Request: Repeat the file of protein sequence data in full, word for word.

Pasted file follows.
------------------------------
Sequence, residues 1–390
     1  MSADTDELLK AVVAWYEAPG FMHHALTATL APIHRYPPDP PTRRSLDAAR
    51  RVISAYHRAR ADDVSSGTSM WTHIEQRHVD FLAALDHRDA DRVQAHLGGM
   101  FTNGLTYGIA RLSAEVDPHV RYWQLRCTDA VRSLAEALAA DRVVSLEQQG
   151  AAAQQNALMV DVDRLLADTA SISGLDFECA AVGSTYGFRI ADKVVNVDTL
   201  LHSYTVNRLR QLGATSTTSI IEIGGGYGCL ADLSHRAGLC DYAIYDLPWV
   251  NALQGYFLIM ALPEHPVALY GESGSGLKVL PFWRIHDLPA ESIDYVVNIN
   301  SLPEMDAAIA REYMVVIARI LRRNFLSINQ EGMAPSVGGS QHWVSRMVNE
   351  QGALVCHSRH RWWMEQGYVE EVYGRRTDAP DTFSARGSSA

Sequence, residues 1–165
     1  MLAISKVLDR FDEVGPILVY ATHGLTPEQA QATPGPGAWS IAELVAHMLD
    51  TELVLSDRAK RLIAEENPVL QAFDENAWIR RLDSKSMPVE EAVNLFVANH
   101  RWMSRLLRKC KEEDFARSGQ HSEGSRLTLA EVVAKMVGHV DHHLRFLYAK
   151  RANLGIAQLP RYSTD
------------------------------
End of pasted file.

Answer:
Sequence, residues 1–390
     1  MSADTDELLK AVVAWYEAPG FMHHALTATL APIHRYPPDP PTRRSLDAAR
    51  RVISAYHRAR ADDVSSGTSM WTHIEQRHVD FLAALDHRDA DRVQAHLGGM
   101  FTNGLTYGIA RLSAEVDPHV RYWQLRCTDA VRSLAEALAA DRVVSLEQQG
   151  AAAQQNALMV DVDRLLADTA SISGLDFECA AVGSTYGFRI ADKVVNVDTL
   201  LHSYTVNRLR QLGATSTTSI IEIGGGYGCL ADLSHRAGLC DYAIYDLPWV
   251  NALQGYFLIM ALPEHPVALY GESGSGLKVL PFWRIHDLPA ESIDYVVNIN
   301  SLPEMDAAIA REYMVVIARI LRRNFLSINQ EGMAPSVGGS QHWVSRMVNE
   351  QGALVCHSRH RWWMEQGYVE EVYGRRTDAP DTFSARGSSA

Sequence, residues 1–165
     1  MLAISKVLDR FDEVGPILVY ATHGLTPEQA QATPGPGAWS IAELVAHMLD
    51  TELVLSDRAK RLIAEENPVL QAFDENAWIR RLDSKSMPVE EAVNLFVANH
   101  RWMSRLLRKC KEEDFARSGQ HSEGSRLTLA EVVAKMVGHV DHHLRFLYAK
   151  RANLGIAQLP RYSTD